Related topics

Copper Futures Surge On Continuing Labor Strike in Peru

October 19, 1988

Undated (AP) _ Copper futures prices soared nearer to record highs Wednesday on New York’s Commodity Exchange on fears that a work stoppage in Peru, the world’s sixth largest copper producer, would further reduce already tight supplies of the metal.

On other markets, precious metals were lower; energy futures surged; grains and soybeans were mixed; livestock and meat were mixed and stock-index futures retreated.

Copper for spot delivery settled 3.7 cents higher at $1.417 a pound, just 4.3 cents below the all-time Comex high of $1.46 reached last Dec. 31. Copper for delivery in December settled $1.335, up 5.55 cents.

″There’s a very strong chance copper could well take out the $1.50 area on a spot level basis,″ said George Anagnos, metals analyst with Thomson McKinnon Securities Inc. in New York.

Labor problems have already cost Peru a 17 percent decline in copper production through August of this year, Anagnos said. The current miners’ walkout, which began on Tuesday, demonstrates that ″the labor situation in Peru and the copper mining situation in Peru is something we can’t bank on,″ Anagnos said.

Analysts said overall copper production outside of North America was expected to decline this year. The United States was the world’s second- largest copper producer last year, just behind Chile, and Canada ranked third.

Yet demand for the metal has been strong in recent weeks due to seasonal factors and to the strong economies of the major industrialized nations.

The American Bureau of Metal Statistics reported domestic refined copper inventories of 52,500 short tons at the end of August, a seemingly healthy gain from 42,000 short tons in June. But more than half of the increase was due to a buildup in Comex warehouse stocks, which have declined rapidly since August.

Furthermore, the August ABMS figure was more than 35 percent below the Dec. 31, 1987, level and nearly 63 percent lower than that for August 1987.

Precious metals prices finished slightly lower on the Comex.

Gold settled 40 cents lower across the board with December at $414.70 a troy ounce; silver was 1.8 cents to 2.4 cents lower with December at $6.405 a troy ounce.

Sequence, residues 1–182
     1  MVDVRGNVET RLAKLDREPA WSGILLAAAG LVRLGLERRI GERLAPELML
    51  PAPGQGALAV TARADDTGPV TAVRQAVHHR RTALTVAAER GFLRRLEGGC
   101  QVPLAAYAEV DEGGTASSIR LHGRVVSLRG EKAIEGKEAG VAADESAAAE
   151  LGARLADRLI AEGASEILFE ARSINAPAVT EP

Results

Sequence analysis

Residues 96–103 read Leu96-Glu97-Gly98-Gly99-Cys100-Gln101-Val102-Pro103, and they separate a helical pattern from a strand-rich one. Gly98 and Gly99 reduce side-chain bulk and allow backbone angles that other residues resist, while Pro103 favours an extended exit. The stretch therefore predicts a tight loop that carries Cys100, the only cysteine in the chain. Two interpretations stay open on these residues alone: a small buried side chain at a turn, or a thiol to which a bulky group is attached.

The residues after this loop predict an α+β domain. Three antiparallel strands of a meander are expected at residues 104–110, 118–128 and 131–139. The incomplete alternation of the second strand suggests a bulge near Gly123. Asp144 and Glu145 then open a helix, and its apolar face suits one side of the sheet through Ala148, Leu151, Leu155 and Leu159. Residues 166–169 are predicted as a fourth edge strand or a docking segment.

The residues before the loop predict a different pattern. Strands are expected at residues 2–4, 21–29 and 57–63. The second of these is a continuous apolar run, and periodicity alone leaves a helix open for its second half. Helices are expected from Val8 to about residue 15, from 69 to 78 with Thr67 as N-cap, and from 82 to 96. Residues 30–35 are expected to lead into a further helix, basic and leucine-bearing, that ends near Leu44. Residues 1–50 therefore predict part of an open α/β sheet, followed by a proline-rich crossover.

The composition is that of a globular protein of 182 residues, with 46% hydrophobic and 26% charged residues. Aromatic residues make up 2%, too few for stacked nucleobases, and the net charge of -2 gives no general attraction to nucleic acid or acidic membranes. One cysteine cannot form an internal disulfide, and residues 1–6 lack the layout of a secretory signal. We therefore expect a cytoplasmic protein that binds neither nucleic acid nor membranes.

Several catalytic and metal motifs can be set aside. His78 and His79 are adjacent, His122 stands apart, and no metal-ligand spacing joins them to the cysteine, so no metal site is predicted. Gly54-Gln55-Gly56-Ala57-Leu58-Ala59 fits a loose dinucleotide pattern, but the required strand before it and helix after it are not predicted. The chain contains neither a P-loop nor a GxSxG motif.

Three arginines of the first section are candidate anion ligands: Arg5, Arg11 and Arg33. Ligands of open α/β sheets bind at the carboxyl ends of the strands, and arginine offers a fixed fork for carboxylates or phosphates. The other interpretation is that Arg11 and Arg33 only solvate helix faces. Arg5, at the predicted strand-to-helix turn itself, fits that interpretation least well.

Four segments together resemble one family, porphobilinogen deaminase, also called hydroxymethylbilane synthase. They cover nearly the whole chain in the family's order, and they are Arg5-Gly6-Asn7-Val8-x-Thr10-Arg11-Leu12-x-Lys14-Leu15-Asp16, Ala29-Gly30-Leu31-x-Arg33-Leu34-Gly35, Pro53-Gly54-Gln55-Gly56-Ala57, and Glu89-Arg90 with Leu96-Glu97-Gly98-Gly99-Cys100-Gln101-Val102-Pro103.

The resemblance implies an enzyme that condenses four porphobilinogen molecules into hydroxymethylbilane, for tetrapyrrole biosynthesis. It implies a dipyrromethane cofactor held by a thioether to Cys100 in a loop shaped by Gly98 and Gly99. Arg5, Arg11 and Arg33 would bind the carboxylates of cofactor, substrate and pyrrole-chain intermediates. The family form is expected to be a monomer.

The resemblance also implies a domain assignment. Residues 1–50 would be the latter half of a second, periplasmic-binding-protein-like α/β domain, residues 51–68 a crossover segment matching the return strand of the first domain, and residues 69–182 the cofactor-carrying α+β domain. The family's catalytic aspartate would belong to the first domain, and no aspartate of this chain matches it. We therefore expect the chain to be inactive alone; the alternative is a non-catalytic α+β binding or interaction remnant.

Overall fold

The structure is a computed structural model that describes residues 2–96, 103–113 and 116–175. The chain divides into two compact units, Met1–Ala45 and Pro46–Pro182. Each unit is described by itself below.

Oil futures prices soared in hectic trading on the eve of meetings by two OPEC committees that are expected to focus on the cartel’s rampant overproduction.

Hopes of an agreement to rein in production sparked frantic buying, analysts said.

West Texas Intermediate crude oil settled 78 cents to 84 cents higher with November at $15.40 a barrel; heating oil was 1.18 cents to 1.64 cents higher with November at 43.85 cents a gallon; unleaded gasoline was 1 cent to 2.14 cents higher with November at 49.06 cents a gallon.

Wheat and soybean futures, bolstered by a spurt in export activity, settled modestly higher on the Chicago Board of Trade while corn and oat futures finished mostly lower.

The Agriculture Department said after the close that Egypt had purchased 250,000 metric tons of U.S. wheat at subsidized prices and the Philippines had purchased 35,000 metric tons of subsidized wheat. Exporters said China had bought 170,000 metric tons of wheat, also at prices subsidized under an Agriculture Department program to boost exports.

Taiwan was said to have purchased 27,000 metric tons of U.S. soybeans at market prices and was expected to bid for another 54,000 metric tons Wednesday night.

Wheat settled 2 3/4 cents to 4 cents higher with December at $4.26 a bushel; corn was unchanged to 1 1/2 cents lower with December at $2.90 3/4 a bushel; oats were 2 cents lower to 3/4 cent higher with December at $2.58 1/ 4 a bushel; soybeans were 1 cent to 6 cents higher with November at $8.06 1/2 a bushel.

Cattle futures ended higher on the Chicago Mercantile Exchange ahead of Friday’s quarterly USDA cattle-on-feed report from the Agriculture Department. The report is expected to show a reduction in the number of cattle being fattened for slaughter due to record-high marketings and significantly fewer placements.

Pork futures were mostly lower in line with weaker cash markets.

Live cattle settled .05 cent to .30 cent higher with October at 72.32 cents a pound; feeder cattle were .10 cent to .40 cent higher with October at 81.90 cents a pound; live hogs were .33 cent lower to .18 cent higher with October at 39.57 cents a pound; frozen pork bellies were .13 cent to .82 cent lower with February at 48.37 cents a pound.

Stock-index futures settled moderately lower on the Chicago Merc, where the contract for December delivery of the Standard & Poor’s 500 index finished 2.40 points lower at 278.80.

Update hourly